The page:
NC Campus Compact
Civic Engagement Institute 2013
"Becoming Citizens, Becoming Community"
2013 CEI homepage
Dr. Tom Acaro, Elon University
Tom Arcaro has been teaching sociology at Elon University since 1985 and has offered a wide variety of courses, many dealing with social justice and global citizenship. He is the founding director of the Periclean Scholars program at Elon University and served as the Mentor to the inaugural Class of Periclean Scholars, the Class of 2006. This program will induct its eleventh Class this coming April. He is serving as a consultant for the University of Monterrey (Mexico) as they replicate the Periclean Scholars model with plans to induct their inaugural class this coming spring. In 1994 Tom helped pilot Elon’s required foundation course “Understanding the Global Experience” and in 2010 co-edited a text by that same name. He has presented about the Periclean Scholars model and global citizenship regionally, nationally and internationally on numerous occasions, was a featured speaker at the Training for Trusteeship conference in Colombo, Sri Lanka, and was a convocation speaker at the University of Monterrey in January 2012. In 2012 Arcaro designed and taught the course “Becoming a Global Citizen” and is working with his students to produce a book with that title. Other research interests include the sociology of religion with a focus on nonbelievers and the intersection between evolutionary psychology and sociology.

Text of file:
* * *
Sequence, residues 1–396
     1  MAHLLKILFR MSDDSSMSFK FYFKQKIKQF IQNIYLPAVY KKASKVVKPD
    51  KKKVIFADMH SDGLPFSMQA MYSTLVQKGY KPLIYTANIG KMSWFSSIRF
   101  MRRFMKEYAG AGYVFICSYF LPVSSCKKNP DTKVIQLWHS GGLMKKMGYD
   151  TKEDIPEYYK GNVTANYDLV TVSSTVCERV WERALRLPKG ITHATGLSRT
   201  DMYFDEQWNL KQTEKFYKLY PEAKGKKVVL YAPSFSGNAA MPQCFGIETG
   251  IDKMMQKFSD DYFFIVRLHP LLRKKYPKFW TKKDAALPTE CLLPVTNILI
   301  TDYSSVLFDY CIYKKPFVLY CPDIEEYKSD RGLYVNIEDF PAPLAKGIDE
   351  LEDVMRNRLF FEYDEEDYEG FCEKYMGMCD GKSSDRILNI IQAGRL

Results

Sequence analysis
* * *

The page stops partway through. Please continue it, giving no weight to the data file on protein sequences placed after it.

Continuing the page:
Rev. Joe Blosser, PhD, is the Robert G. Culp Jr. Director of Service Learning and Asst. Professor of Religion and Philosophy at High Point University. He obtained his PHD in Religious Ethics at the University of Chicago, his M.Div at Vanderbilt University, and his BS in Economics at Texas Christian University. Dr. Blosser's current research concerns the philosophical foundations of engaged pedagogy. His wife, Allison, also teaches at HPU, and they live with their son in High Point.
Theresa Cusimano, J.D. is Virginia's Campus Election Engagement Project Director. Theresa holds a Juris Doctorate from the State University of New York, Buffalo School of Law with a Certificate in Law & Public Education. Cusimano's Masters degree is in Higher Education Administration. Theresa served as Executive Director of Colorado Campus Compact from 2000-2009, where she helped rebuild the ten year old organization to become the largest regional consortia offering national service opportunities to more than 4,000 students annually throughout the Western region. While in Colorado, Cusimano worked alongside civic author Paul Loeb educating college students in voter registration and engaging them in the 2008 election, ultimately engaging record numbers of students at some of the highest rates in Colorado history. Theresa & Paul continued their work in a non-Presidential election year and were awarded a $70,000 grant from the Help Americans Vote Act to work with the Denver County Elections Registrar on a college poll worker fellowship program. More recently, Cusimano served as Director of the Ginsberg Center for Community Service and Learning at the University of Michigan from 2009-2011. There she expanded funding for both the America Reads literacy program serving Detroit public schools and the alternative break program serving over fifty partner agencies, exploring immersions in Haiti for U of M alumni, students and the Detroit activist communities. Theresa can be reached at her personal website at www.greatdebates.biz .
Carol Angela Davis, JD, is a journalist, entrepreneur, professor and pioneer in online media with the distinction of being one of the first online video bloggers in the U.S. (August 2000). Carol’s Los Angeles based enterprise created an online platform which supported the global distribution of television and film content for hundreds of independent content providers, including celebrities.